Tom O’Hara and John Bennett, Portfolio Managers of Henderson European Focus Trust, provide an update on the Trust highlighting the key drivers and detractors of performance, recent portfolio activity, and the outlook for European equity markets.
Conscious not to beat readers over the head with the now-familiar themes of commodity price inflation, supply-chain disruption, rising living costs and declining consumer confidence - all set against the backdrop of ongoing war and a Western world interest rate-hike cycle - it suffices to say these remain key obstacles to navigate on both a macro and micro basis.
Trust performance and activity
These obstacles were reflected in the sector attribution for the Trust in May: the greatest contributors were the Trust's overweight positions in energy and materials, while the greatest detractors were the underweight in financials (banks specifically) and our reduced but still overweight positions in consumer discretionary and consumer staples. We remain resolutely focused on our pragmatic, style-agnostic approach to stock-picking. In May, we initiated a new position in Universal Music Group, while closing the position in Legrand. More recently, in June, we established a holding in Bayer, a conglomerate which, based on recent history, might be summed up as "troubled and cheap", although we sense the wind is finally turning for both its Pharmaceutical and Crop Science divisions. Universal Music Group by contrast, could be described as "untroubled and not cheap" - a high quality business in which we saw an attractive entry point following some share price weakness. We like change and we care about valuation.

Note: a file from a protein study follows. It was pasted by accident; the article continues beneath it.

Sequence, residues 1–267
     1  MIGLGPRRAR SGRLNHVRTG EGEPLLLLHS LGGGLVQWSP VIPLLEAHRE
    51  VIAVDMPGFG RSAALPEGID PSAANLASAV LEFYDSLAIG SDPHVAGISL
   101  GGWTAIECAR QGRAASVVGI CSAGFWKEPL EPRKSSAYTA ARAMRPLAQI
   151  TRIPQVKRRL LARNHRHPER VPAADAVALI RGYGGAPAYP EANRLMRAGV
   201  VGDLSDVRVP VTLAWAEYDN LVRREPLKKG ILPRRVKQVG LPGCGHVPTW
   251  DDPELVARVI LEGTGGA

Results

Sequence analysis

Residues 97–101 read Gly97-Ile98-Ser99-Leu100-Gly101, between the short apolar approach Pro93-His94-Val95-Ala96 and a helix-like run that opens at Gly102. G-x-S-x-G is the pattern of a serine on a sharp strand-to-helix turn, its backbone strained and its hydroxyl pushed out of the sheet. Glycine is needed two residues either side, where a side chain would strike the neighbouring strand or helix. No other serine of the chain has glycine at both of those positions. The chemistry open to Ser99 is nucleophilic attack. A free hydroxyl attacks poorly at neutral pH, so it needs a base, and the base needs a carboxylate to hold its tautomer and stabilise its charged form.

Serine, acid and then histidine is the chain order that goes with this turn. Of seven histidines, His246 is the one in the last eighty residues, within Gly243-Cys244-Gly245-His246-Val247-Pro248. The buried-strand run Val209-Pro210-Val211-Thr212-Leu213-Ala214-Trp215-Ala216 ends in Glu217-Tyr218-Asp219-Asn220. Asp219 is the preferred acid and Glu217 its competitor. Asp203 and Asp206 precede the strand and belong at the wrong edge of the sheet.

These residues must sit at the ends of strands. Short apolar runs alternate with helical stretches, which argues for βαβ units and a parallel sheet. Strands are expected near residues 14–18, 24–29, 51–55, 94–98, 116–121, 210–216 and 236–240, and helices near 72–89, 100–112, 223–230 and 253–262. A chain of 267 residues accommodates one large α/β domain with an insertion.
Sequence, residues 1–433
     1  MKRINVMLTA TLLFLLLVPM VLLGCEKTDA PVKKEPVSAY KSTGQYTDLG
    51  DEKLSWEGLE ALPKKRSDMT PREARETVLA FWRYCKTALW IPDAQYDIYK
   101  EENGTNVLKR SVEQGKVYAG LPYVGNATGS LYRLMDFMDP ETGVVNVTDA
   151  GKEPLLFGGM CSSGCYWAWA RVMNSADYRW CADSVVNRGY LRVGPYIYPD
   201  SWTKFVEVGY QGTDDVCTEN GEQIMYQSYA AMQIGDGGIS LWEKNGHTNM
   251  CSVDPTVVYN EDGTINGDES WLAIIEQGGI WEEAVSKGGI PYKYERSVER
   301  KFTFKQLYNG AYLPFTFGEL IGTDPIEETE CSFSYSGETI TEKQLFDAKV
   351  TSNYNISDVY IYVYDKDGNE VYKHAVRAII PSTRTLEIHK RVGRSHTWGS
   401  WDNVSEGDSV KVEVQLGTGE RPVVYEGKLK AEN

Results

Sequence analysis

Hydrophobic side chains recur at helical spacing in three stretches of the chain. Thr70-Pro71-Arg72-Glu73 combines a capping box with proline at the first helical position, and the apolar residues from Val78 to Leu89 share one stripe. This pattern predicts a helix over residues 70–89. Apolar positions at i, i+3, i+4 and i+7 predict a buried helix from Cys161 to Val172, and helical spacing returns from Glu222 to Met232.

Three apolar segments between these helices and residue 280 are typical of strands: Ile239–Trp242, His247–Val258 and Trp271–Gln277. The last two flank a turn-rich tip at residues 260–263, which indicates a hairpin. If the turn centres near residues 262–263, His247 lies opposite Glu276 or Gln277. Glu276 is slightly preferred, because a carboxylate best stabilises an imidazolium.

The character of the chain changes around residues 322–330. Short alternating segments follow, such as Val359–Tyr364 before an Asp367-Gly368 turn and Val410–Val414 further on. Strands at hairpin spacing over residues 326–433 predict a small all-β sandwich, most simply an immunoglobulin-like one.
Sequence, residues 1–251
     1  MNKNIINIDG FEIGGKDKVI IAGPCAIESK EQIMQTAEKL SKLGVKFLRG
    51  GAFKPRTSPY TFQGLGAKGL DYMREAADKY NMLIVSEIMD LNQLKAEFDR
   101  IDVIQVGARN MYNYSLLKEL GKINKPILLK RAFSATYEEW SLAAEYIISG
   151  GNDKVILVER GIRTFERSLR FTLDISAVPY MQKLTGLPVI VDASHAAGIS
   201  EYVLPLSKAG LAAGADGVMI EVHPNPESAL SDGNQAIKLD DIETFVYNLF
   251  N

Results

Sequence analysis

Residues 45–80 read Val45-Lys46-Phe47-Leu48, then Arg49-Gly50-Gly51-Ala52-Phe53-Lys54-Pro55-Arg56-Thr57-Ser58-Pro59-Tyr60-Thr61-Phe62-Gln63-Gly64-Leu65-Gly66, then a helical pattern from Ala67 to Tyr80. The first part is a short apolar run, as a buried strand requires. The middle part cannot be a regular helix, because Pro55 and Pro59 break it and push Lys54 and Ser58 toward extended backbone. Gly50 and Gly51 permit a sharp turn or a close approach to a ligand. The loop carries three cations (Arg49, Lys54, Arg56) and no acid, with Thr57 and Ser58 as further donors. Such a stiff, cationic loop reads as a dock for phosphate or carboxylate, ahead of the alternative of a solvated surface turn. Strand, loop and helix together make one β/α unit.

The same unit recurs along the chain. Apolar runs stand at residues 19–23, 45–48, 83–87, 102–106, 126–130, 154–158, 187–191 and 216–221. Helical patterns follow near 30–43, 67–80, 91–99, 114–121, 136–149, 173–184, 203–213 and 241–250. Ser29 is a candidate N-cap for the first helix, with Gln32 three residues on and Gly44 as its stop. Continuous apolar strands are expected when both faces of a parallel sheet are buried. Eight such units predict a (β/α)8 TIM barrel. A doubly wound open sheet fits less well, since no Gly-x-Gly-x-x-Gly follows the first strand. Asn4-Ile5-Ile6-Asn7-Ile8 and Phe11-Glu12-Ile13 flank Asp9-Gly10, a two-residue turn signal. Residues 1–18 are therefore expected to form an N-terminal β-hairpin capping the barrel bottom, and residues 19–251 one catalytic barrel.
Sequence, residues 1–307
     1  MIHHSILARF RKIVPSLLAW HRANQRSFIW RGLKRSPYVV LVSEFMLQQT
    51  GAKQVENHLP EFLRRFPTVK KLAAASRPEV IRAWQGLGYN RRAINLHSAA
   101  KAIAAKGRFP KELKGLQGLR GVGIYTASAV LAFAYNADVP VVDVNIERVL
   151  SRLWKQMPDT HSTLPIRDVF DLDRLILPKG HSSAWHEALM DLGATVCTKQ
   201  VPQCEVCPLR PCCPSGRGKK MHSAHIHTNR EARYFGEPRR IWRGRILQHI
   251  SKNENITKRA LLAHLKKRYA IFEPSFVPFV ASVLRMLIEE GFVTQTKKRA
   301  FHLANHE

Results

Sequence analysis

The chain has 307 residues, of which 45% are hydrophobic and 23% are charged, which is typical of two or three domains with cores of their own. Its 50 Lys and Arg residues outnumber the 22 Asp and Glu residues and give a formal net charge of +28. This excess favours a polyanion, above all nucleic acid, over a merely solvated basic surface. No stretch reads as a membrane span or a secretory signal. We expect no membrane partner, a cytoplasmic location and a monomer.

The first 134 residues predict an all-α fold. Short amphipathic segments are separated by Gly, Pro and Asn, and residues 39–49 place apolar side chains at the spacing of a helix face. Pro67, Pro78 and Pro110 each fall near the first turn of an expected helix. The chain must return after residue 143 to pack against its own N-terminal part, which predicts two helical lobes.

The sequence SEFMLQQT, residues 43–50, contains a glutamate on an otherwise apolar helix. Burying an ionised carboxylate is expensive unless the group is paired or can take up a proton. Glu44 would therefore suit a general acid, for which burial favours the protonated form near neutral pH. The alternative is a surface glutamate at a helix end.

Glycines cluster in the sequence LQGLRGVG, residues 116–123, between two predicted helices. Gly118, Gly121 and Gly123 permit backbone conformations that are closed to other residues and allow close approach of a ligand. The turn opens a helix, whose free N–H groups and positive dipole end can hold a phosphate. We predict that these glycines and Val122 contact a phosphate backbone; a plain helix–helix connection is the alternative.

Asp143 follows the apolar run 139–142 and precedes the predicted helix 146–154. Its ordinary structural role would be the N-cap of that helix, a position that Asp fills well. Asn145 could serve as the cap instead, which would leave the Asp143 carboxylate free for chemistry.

As we look to summer and the remainder of 2022, we are closely watching the development of China's COVID-related restrictions and corresponding efforts to stimulate its economy, where the re-opening of Shanghai has recently lifted sentiment towards China-exposed luxury names. However, there is yet to be sufficient tangible evidence of a "business as usual" approach to monetary and fiscal support that would get markets more comfortable with the likes of industrials, for example. We will also be glued to the frequent and often-cryptic updates from central bankers in order to ascertain just how committed they are to higher rates and quantitative tightening in the face of deteriorating macro data points - it was notable in May that US Treasury yields took a breather from their ascent to flirt with a "peak yields" narrative. Simply put, on a market, sector and stock-specific level we will be asking the question: when is the bad news fully priced in.